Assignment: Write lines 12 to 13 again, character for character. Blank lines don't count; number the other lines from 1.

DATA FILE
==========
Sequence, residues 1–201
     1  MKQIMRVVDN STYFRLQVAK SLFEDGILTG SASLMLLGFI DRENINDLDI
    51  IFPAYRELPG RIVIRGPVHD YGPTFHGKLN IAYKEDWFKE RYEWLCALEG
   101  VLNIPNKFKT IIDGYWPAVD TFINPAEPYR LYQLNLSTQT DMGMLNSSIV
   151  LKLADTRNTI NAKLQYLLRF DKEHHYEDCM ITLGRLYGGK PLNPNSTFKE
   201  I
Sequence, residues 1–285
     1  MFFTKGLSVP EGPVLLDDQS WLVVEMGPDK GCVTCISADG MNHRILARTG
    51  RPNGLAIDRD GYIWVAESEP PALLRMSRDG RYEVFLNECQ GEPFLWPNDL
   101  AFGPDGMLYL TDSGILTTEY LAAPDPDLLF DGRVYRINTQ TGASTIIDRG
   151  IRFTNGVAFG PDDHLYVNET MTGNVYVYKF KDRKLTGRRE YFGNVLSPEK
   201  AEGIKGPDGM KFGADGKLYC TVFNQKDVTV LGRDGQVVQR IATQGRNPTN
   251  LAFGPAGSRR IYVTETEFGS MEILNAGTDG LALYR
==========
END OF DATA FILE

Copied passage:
   201  AEGIKGPDGM KFGADGKLYC TVFNQKDVTV LGRDGQVVQR IATQGRNPTN
   251  LAFGPAGSRR IYVTETEFGS MEILNAGTDG LALYR